Trials of Ordeal in the International Court of Justice: Why States Seek Provisional Measures when non-Compliance Is to Be Expected

Leonhardsen, Erlend M.
July 2014
Journal of International Dispute Settlement;Jul2014, Vol. 5 Issue 2, p306
Academic Journal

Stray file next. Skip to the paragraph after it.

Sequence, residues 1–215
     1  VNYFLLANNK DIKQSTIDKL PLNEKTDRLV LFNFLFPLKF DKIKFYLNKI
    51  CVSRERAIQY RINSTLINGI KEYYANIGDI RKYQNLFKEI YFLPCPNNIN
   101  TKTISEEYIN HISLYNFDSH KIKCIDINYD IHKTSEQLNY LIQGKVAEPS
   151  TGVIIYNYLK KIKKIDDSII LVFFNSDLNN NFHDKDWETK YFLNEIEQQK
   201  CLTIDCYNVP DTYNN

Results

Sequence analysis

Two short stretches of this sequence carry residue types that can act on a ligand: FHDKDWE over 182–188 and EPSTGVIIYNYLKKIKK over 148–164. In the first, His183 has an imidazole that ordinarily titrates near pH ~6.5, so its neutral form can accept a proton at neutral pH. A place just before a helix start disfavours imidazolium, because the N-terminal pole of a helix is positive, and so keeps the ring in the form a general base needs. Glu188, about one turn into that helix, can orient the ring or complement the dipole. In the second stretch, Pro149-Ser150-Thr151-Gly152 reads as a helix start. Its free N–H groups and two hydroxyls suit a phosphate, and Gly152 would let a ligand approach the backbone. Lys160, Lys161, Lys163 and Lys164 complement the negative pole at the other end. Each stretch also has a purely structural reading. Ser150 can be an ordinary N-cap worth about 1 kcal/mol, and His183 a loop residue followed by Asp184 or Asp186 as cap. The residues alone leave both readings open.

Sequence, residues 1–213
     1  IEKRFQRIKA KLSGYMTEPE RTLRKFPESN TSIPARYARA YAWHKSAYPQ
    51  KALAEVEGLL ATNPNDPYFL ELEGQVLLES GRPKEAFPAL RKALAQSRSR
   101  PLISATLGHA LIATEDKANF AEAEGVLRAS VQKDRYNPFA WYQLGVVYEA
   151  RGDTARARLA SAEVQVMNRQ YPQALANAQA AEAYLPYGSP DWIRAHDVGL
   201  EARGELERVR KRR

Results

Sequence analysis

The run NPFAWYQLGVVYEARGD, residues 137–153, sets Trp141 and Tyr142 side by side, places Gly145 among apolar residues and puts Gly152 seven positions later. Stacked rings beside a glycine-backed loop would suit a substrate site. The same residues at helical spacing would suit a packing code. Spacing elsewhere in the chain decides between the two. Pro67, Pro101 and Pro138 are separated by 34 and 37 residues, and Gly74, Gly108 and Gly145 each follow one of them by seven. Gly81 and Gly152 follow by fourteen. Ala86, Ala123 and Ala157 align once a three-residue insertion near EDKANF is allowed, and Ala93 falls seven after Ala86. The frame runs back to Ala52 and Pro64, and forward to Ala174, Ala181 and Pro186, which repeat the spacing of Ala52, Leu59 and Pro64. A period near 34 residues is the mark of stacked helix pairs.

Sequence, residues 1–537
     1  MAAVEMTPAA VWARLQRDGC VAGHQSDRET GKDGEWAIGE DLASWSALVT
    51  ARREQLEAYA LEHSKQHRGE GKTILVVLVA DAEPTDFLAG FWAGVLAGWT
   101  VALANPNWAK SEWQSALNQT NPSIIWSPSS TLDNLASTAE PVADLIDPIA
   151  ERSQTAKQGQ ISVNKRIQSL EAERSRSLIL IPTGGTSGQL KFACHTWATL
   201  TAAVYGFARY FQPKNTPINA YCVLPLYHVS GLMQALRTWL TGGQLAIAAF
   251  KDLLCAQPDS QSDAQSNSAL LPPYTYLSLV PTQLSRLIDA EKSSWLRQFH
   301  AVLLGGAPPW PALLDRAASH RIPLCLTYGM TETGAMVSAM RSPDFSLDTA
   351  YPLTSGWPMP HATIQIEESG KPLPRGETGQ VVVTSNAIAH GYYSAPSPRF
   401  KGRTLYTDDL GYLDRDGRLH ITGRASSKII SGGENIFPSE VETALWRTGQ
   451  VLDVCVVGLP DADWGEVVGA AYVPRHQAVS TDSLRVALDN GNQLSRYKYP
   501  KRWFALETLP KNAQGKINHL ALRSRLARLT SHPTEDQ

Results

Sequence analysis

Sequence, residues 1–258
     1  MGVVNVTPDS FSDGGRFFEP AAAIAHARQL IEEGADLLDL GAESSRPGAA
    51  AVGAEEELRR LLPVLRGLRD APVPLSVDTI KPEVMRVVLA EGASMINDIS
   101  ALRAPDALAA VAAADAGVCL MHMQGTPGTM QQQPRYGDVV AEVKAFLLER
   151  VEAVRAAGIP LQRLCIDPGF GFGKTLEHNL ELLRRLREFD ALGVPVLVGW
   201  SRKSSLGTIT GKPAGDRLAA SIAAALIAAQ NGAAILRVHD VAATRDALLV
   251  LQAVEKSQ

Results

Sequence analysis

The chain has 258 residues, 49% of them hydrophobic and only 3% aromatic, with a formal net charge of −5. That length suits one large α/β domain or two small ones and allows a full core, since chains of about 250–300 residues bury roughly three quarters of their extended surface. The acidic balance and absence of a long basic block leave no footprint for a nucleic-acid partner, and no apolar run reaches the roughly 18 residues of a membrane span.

The article builds upon research showing that compliance with Orders on Provisional Measures by the International Court of Justice in armed activities cases is significantly lower than with Judgments. I make the assumption that compliance is not expected by the requesting party in these situations, even though there are many such cases and even though they concern high-profile conflicts like the Georgia–Russia war of 2008. The purpose of international adjudication is therefore often something other than compliance.I suggest it is useful to examine these cases as a strategy of inflicting costs in an underlying bargaining situation. Requests for provisional measures are particularly useful from this perspective because the jurisdictional bar is low. This article examines how the rules governing provisional measures as they have developed in recent years in particular allow for such strategic usage and explores different ways requests for provisional measures can be used to inflict costs on an adversary. For instance, they create legal obligations between the parties, resulting in a new ‘shadow of the law’ in which they must bargain. They also allow one of the parties to briefly transform the non-zero-sum game of a bargaining situation to a zero-sum game it has good prospects of winning, thereby improving its relative bargaining power. Taking the focus away from compliance allows us to rethink the effectiveness of international adjudication and to consider the power of international institutions in a new light.


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